Vanderbilt Magazine

School of Nursing Dean Pamela Jeffries honored with endowed chair

environmental photograph of Pamela Jeffries standing in front of bookcase
Pamela R. Jeffries (John Russell/Vanderbilt University)

Vanderbilt University School of Nursing Dean Pamela R. Jeffries has been awarded the Valere Potter Distinguished Chair in Nursing.

Jeffries, an internationally recognized leader in nursing education, joined the School of Nursing as dean on July 1.

“Dean Jeffries has laid out an ambitious road map to elevate scholarship, teaching and technological innovation to bring the School of Nursing to new heights,” said Provost and Vice Chancellor for Academic Affairs C. Cybele Raver. “As a leader in the field of digital learning initiatives for nursing education, as well as a powerful advocate for diversity, inclusion and interdisciplinary collaboration, Dean Jeffries is most deserving of this endowed chair, the university’s highest faculty honor.”

The Valere Potter Distinguished Chair in Nursing was established by Vanderbilt in 1975 at the direction of Valere Blair Potter, an alumna of the class of 1919 and a key university benefactor, to support a faculty member at the School of Nursing.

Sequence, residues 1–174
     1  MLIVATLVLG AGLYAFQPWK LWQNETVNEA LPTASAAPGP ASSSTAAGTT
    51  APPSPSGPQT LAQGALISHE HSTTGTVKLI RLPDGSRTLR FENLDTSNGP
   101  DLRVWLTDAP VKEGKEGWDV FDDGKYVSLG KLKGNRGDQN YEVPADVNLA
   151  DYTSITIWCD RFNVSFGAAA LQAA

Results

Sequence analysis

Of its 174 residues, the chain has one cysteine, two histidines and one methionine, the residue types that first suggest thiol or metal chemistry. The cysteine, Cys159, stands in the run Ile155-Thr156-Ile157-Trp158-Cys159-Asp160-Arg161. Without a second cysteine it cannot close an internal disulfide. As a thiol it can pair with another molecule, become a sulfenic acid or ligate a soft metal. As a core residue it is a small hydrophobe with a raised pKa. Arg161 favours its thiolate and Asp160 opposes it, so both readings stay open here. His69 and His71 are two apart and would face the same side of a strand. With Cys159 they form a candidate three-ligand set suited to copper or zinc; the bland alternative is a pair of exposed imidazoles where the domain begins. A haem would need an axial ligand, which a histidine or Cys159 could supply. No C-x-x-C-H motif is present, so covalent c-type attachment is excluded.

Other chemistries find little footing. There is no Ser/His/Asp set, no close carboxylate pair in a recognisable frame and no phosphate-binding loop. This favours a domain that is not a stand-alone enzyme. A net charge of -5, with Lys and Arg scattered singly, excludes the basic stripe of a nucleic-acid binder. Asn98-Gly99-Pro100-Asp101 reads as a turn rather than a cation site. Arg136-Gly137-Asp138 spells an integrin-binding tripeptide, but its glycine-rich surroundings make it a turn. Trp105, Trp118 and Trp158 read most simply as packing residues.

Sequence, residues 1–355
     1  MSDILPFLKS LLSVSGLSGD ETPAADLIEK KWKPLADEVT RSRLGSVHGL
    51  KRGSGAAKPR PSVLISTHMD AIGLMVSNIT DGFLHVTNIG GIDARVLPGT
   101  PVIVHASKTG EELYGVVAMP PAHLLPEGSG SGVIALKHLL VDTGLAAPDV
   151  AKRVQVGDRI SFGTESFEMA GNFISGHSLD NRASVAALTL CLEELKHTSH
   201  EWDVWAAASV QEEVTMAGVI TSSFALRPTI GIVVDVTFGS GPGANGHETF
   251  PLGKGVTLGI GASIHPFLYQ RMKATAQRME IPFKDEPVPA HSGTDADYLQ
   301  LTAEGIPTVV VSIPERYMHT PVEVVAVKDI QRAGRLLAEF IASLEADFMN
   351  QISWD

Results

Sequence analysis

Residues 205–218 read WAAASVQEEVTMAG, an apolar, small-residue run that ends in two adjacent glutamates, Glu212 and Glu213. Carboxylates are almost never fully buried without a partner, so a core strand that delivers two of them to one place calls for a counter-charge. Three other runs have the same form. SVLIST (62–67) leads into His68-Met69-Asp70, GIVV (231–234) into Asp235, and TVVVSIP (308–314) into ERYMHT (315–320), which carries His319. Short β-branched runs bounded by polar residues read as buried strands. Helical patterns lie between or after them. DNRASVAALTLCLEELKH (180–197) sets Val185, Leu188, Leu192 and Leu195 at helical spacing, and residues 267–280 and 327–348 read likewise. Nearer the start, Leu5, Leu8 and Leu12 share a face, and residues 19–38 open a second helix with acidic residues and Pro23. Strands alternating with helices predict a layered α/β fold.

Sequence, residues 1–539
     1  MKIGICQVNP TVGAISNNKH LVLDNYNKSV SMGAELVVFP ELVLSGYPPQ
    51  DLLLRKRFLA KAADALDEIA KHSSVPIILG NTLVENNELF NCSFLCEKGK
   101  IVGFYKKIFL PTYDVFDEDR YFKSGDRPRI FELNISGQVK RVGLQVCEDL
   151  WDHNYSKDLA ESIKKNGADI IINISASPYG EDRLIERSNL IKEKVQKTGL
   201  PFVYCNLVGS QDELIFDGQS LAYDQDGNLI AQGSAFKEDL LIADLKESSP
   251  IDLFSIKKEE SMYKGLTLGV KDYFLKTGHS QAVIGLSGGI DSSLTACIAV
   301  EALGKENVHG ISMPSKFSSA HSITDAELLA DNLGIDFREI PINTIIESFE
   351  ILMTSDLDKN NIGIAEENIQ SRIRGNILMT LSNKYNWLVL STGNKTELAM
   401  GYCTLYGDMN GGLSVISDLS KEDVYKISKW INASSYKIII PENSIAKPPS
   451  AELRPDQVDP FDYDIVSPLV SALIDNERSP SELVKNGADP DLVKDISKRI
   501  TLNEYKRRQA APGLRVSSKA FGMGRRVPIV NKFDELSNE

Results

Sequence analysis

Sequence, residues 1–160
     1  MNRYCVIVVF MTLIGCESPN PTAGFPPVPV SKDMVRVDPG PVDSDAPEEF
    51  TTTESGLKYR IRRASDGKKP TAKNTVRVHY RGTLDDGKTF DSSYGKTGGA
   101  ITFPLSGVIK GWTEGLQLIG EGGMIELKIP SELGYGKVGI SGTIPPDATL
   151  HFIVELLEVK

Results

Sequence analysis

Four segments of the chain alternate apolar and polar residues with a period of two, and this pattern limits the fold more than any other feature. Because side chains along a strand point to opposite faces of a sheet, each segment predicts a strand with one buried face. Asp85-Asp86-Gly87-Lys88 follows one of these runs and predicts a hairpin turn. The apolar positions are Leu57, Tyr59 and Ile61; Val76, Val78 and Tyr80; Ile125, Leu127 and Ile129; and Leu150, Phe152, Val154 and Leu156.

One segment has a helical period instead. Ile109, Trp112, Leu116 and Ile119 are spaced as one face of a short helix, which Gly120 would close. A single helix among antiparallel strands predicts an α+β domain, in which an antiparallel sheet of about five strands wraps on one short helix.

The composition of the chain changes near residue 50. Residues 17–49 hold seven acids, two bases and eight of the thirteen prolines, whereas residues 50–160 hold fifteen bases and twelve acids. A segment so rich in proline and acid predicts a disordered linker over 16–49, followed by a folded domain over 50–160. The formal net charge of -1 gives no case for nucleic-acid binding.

Jeffries was recruited to Vanderbilt from George Washington University School of Nursing, where she became known as a “systems thinker,” striving to raise the bar on operations, services and academic programs. She has played a strong role in shaping nursing policy throughout her career and continues to be an ambassador and advocate for nurses nationally through her service on the board of directors of the American Academy of Nursing. She is a fellow of the American Academy of Nursing, the NLN’s Academy of Nursing Education, the Society of Simulation in Healthcare and an alumna of the Robert Wood Johnson Foundation Executive Nurse Fellows program.

Jeffries also held leadership appointments at Johns Hopkins University School of Nursing before serving as vice provost of digital initiatives for Johns Hopkins University. In that role, she worked in administration across 10 schools to promote shared resources for a successful approach to digital learning.

Jeffries was an early leader in the use of simulations to model patient-care activities, redesigning clinical education for nursing and health professional students.

With support from the National League of Nursing and many research colleagues across the nation, Jeffries developed one of the most significant contributions to simulation scholarship—the NLN Jeffries Simulation Theory.

Jeffries earned a master of science and a doctorate in nursing from Indiana University, Indianapolis. She grew up in rural Indiana and earned a bachelor of arts in nursing from Ball State University.